sinking fund bond

Sinking Fund Bond

A bond with a fund or account into which an issuer deposits money on a regular basis to repay the bond when it matures. For example, if a company issues a bond with a balloon maturity of seven years, one may put money into a bond sinking fund for seven years in order to be ready to pay off the principal when it comes due. Some bonds have sinking fund provisions, requiring the issuer to put money aside to repay bondholders at maturity. See also: Sinking Fund Call.

sinking fund bond

A bond issue for which the issuer is required to establish a sinking fund to provide for the orderly retirement of the bonds. Also called sinker.
References in periodicals archive ?
Previous work in this area has analyzed these provisions in terms of interest rate risk,(1) default risk,(2) and the "accumulation game," in which investors increase the value of a sinking fund bond issue by increasing the concentration of its ownership.(3) This paper studies sinking fund bonds when an issuer has bought some of its own bonds in anticipation of future sinking fund requirements.
Aside from the option to purchase bonds for the purpose of satisfying sinking fund requirements, most sinking fund bond indentures include an American call option which allows the issuer to call part or all of the issue at some schedule of prices.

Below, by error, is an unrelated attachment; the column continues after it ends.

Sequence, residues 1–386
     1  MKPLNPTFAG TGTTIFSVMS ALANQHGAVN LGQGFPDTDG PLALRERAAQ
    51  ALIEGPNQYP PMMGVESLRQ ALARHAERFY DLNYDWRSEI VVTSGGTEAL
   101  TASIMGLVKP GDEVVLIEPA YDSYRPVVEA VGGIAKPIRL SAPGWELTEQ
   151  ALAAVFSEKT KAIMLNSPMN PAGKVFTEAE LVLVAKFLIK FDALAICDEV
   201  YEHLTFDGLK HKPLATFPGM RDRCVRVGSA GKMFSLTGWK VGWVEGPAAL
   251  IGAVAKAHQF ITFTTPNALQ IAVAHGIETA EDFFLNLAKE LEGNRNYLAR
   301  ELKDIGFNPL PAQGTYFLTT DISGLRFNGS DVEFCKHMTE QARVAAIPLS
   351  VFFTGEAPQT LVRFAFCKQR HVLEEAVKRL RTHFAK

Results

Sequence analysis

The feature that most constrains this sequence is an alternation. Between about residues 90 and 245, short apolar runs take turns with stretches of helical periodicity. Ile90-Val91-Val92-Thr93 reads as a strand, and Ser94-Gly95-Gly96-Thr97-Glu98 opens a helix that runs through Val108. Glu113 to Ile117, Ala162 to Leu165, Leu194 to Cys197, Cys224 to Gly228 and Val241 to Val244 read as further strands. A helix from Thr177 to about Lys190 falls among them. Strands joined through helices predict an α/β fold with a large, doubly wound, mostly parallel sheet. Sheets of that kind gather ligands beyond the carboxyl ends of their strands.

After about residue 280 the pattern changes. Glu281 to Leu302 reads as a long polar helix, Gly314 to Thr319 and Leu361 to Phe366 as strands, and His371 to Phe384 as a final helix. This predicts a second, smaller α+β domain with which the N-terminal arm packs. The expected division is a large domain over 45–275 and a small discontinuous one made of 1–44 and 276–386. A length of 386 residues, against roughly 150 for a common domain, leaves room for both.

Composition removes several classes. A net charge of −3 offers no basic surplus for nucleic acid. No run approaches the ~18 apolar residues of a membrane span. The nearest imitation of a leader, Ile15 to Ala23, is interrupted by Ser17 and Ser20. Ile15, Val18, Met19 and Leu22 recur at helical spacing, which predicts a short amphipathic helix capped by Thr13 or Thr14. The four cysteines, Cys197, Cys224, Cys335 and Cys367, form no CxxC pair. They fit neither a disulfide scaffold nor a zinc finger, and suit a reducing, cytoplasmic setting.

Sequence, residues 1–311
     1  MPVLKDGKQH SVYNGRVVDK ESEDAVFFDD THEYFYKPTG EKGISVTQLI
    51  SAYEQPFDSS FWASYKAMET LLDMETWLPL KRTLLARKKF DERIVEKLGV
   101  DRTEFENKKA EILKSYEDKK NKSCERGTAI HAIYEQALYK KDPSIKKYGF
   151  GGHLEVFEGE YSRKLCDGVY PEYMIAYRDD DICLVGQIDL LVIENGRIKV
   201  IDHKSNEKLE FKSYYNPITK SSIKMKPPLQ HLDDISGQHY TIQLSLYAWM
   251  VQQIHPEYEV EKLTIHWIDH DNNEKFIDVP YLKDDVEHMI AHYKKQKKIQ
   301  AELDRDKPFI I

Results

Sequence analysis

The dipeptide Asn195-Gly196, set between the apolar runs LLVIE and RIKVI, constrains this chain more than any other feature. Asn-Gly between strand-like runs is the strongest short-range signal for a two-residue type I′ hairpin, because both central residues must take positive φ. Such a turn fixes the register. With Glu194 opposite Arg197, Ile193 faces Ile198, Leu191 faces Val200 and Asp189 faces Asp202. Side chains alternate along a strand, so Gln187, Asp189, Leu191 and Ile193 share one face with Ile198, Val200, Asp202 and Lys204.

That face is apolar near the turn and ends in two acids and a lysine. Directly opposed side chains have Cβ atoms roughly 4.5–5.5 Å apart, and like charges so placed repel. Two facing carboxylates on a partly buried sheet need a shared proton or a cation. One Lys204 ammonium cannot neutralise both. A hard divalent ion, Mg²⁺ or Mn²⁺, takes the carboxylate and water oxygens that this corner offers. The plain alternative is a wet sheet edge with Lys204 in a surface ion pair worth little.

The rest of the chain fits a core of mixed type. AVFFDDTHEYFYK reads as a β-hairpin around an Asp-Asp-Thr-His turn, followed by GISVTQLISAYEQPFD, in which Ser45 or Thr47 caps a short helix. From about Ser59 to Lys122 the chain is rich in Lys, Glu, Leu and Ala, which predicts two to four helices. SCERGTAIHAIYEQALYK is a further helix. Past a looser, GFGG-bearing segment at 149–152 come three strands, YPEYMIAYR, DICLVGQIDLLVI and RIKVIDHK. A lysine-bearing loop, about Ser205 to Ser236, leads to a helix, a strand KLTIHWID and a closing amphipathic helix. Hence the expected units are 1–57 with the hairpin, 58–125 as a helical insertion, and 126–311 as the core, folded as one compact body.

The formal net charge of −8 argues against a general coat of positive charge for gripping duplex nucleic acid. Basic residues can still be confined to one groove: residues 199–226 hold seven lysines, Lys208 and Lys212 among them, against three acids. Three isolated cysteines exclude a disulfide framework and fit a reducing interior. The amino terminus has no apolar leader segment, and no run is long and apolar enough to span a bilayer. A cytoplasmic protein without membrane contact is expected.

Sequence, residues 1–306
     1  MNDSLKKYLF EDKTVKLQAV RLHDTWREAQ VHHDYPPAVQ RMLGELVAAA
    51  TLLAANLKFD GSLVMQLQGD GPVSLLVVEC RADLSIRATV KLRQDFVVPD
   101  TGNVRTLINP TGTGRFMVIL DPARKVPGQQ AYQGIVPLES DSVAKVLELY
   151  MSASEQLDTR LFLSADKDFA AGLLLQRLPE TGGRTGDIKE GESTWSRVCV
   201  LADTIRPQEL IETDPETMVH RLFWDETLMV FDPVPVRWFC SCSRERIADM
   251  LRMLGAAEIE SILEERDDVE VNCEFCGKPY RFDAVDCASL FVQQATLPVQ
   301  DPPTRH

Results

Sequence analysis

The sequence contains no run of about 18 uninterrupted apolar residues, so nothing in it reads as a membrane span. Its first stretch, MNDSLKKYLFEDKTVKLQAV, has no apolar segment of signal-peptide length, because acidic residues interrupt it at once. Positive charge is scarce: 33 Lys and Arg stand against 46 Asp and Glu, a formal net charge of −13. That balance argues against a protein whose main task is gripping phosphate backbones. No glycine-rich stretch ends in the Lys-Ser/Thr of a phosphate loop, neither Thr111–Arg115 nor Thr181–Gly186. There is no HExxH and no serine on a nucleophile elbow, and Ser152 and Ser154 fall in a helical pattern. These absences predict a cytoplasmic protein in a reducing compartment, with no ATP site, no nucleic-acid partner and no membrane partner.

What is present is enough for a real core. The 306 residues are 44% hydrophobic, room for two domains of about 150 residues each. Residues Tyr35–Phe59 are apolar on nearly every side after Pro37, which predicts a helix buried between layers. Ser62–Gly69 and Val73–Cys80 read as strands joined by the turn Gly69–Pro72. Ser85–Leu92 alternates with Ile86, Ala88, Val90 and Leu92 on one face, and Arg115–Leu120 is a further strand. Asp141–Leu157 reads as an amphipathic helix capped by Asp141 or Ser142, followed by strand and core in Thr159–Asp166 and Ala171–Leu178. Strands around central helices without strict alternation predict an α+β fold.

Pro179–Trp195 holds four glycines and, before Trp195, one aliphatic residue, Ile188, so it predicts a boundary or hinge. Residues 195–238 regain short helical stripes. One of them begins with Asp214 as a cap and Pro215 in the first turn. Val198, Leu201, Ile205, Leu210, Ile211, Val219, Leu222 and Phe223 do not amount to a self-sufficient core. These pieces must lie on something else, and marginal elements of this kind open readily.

In 1990, XYZ Corporation issued $100 million of a nine percent ten-year sinking fund bond issue.
While the designation option with respect to prepurchased bonds is included in most sinking fund bond indentures, the designation option with respect to optionally redeemed bonds may or may not be granted.(11) If not, the issuer usually has to apply any optionally redeemed bonds to the most distant, unsatisfied payment dates.
Summary of results: The share of project value accruing to both the pension fund and the sinking fund bonds increases as the degree of financial leverage rises.
Summary of results: The pension fund and the sinking fund bonds both receive a greater share of the value of the project when the pension obligation is larger.
Although they based their discussion on sinking-fund debt, we use term bonds instead to simplify the calculations involved, Sinking fund bonds would produce similar results.
Sinking Fund Bonds. Debentures that require the issuer to establish a (sinking) fund for the orderly retirement of the bonds.
Sinking fund bonds require the issuer to make periodic cash contributions to a sinking fund trustee.
A company that needs to borrow should consider issuing sinking fund bonds. Such bonds permit a company to hedge its borrowing costs when there is a change in interest rates.
After the initial offering, an increase in interest rates provides the issuer of sinking fund bonds with some favorable options.
Conventional sinking fund bonds typically make annual sinking fund payments, which commence after some grace period: |Mathematical Expression Omitted~ during the grace period; |Mathematical Expression Omitted~, a positive constant, on each sinking fund date, with a balloon payment |Mathematical Expression Omitted~ (with S* possibly equal to S) on the maturity date; and |Mathematical Expression Omitted~ for all other dates.